Searching "apartments near me" and think you have found what seems to be like the perfect off-campus living? Not so fast, this could be a scammer. Learn how you can identify rental listing scams before you make any payments.
How the Rental Listing Scam Works:
Did you know that scammers target students who are searching for off-campus housing? They might take real rental listings and change the contact information before reposting them on different rental websites. Then, they might ask you to pay fees, deposits, or rent for homes that aren't actually available to rent.
If a scammer texts you, they might say something like this: "Hello, I saw your inquiry about the apartment for rent. I'm the landlord and I'm currently out of town, but I can arrange for the keys to be sent to you once you provide a deposit. The rent is much lower than the market price because I need to find a tenant quickly. Please wire the deposit to secure the apartment, and I'll send you the keys via mail. Let me know if you're interested."
Here are some tips to avoid falling victim to rental listing scams:
Do Your Research
Look online for the management company's name along with words like "review," "complaint," or "scam." If you find negative reviews, consider looking elsewhere.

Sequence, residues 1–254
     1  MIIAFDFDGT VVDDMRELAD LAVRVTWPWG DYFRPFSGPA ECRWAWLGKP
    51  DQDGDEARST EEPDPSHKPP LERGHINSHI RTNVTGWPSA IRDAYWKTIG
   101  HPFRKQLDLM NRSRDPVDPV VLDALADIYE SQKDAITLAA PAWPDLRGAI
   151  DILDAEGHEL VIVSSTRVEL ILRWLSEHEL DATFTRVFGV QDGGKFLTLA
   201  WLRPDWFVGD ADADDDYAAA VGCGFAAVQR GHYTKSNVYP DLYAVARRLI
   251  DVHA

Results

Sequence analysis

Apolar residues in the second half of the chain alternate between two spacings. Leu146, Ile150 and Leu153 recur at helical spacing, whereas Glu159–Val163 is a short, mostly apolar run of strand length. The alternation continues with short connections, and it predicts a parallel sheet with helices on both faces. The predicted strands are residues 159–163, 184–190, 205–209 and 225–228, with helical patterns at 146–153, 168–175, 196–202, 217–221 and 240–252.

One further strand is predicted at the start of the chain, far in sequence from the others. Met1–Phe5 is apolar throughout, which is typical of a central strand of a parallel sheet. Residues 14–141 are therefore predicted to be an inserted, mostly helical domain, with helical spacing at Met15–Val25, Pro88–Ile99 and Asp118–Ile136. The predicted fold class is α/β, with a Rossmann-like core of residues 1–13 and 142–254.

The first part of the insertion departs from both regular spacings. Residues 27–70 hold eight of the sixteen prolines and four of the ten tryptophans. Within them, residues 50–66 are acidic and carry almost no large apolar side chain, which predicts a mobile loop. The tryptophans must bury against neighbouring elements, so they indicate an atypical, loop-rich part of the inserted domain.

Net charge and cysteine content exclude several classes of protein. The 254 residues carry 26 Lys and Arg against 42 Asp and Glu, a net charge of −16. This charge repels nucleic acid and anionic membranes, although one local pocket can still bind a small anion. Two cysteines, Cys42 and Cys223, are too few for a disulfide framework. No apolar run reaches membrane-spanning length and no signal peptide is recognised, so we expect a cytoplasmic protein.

Call the number provided on the management company's official website, not the one listed in the rental ad, to confirm if the listing agent is legitimate. Check if the home's address matches the information on the company's website. If it doesn't, it might be a scam.
Try to Visit the Rental Property in Person
Check out the apartment yourself or ask a trusted friend to do so to ensure it matches the advertised description. If you can't visit in person, inquire with your school about other housing options. Be wary if the landlord demands payment before showing you the place; this is likely a scam.
Pay with a Credit Card
Pay with a credit card for added security. Scammers often insist on payment methods that make it difficult to recover your money, such as wire transfers, cash, cryptocurrency, or payment apps like CashApp, Venmo, or Zelle. Even if they claim the money is refundable, it's unlikely you'll ever see it again. Be cautious if the rental agent asks you to wire money for a security deposit.
If you come across a suspicious rental listing on a website, report it to the website's administrators or group moderators. Then, tell the FTC at ReportFraud.gov.